The Department of Finance has reiterated that there was no sign that cross-border shopping was affecting the State’s finances as Vat revenues fell short of expectations last month.
At €201m, Vat revenues in a so-called non-Vat month brought in €82m, or 29%, less than expected in October, because of large repayments, the Department of Finance said. And over the full 10 months, Vat revenues performed much better by bringing in almost €11.22bn, coming up short of expectations by €118m, or 1%.
Exchequer figures to October showed the amount the Government collected in taxes came to over €38.98bn which was almost exactly on target. In October, overall revenues of almost €3.77bn exceeded the target by €219m, or by 6.2%. However, in the month there were large out-performances by corporate taxes, excise duties and capital gains taxes, as well as the large under-performance by Vat.
Corporate tax revenues brought in €753m in October, which was 6.6% above target. There was a similar picture over the full 10 months with corporate revenues of over €5.42bn so far bringing in €216m more than expected.
In recent years, corporation tax revenues have strongly outperformed targets mainly because of the growth of profits by multinationals based in Ireland and the huge accounting moves by a small number of the world’s largest companies transferring intellectual property into the State.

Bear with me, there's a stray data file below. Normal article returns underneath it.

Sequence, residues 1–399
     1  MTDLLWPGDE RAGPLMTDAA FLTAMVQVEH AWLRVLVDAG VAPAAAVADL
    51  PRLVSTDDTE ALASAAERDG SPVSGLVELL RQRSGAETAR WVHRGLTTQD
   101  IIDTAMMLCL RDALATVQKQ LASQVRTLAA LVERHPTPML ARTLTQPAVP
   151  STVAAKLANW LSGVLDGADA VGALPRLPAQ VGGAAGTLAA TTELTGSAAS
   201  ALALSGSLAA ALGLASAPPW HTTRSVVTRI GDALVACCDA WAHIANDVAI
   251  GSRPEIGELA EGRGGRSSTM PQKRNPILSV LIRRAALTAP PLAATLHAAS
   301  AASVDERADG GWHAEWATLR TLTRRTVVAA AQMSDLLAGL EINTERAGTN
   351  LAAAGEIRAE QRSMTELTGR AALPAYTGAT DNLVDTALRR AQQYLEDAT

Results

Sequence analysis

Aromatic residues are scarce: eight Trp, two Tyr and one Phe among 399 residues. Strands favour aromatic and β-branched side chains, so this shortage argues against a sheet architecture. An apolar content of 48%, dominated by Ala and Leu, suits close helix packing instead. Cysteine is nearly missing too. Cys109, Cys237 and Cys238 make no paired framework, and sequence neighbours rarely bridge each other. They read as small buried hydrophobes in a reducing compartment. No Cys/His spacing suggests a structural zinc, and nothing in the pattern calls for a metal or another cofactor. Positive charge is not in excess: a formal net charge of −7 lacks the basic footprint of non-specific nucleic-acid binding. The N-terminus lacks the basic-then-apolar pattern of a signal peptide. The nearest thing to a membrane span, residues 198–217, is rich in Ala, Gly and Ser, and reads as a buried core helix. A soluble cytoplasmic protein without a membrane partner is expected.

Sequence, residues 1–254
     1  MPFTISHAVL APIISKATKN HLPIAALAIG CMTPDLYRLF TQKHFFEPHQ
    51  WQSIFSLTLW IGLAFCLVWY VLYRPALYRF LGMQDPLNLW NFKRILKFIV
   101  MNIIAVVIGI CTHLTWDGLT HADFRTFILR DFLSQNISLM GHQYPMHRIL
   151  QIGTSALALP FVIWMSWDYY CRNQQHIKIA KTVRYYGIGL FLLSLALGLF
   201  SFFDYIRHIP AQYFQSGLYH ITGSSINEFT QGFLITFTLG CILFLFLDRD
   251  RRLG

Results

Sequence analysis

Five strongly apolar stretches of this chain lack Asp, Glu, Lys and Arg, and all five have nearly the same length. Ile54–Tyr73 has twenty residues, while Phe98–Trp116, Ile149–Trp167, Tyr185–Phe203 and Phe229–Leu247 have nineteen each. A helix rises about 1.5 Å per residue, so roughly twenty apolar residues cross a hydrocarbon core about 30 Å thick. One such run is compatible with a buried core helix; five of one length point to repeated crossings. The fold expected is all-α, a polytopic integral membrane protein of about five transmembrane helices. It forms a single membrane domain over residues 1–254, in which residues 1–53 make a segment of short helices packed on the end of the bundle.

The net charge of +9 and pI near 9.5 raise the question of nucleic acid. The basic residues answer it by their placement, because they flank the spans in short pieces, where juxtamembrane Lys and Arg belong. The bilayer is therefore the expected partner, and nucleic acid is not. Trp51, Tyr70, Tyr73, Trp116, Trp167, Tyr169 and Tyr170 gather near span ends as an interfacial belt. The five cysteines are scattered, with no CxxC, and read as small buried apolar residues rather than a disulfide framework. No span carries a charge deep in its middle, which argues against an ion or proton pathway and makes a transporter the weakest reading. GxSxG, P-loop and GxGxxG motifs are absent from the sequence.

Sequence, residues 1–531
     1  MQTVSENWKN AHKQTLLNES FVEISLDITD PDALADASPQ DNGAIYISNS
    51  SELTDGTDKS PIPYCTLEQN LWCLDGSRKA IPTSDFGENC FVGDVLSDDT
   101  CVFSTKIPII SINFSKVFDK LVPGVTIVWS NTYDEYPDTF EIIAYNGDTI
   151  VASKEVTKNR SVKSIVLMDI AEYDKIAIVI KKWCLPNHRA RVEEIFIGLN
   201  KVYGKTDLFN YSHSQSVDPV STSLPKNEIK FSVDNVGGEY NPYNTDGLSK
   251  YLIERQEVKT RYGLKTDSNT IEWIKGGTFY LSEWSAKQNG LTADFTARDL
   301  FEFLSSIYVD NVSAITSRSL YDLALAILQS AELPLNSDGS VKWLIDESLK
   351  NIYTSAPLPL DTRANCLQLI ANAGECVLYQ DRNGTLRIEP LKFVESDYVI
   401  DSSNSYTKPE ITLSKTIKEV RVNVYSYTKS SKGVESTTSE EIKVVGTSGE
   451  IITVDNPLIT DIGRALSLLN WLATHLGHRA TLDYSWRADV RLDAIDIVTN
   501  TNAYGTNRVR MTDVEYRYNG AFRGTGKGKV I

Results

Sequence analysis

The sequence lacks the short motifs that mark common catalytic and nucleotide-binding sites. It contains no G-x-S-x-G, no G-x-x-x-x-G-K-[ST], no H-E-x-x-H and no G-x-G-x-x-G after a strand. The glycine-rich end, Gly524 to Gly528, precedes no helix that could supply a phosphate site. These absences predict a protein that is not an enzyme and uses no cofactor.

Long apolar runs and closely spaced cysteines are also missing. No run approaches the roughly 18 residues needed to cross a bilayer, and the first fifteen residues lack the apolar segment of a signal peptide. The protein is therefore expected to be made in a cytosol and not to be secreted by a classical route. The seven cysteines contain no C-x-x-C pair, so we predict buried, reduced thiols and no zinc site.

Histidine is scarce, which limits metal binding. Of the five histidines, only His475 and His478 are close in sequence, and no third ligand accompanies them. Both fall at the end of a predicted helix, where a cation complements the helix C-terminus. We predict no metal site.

In the latest month, income tax revenues at over €1.64bn brought in slightly more than expected. Thus the shortfall in the 10 months narrowed to 1%. In the early part of the year, income taxes had under-performed.
Excise duties posted an outsized contribution but the Department of Finance said this was again caused by tobacco firms building up stocks before the introduction of plain packaging. At €733m in the month, excise duties brought in €165m, or 29%, more than expected. The exchequer spent about €5.83bn servicing the state’s debts in the first 10 months, down €592m on last year.
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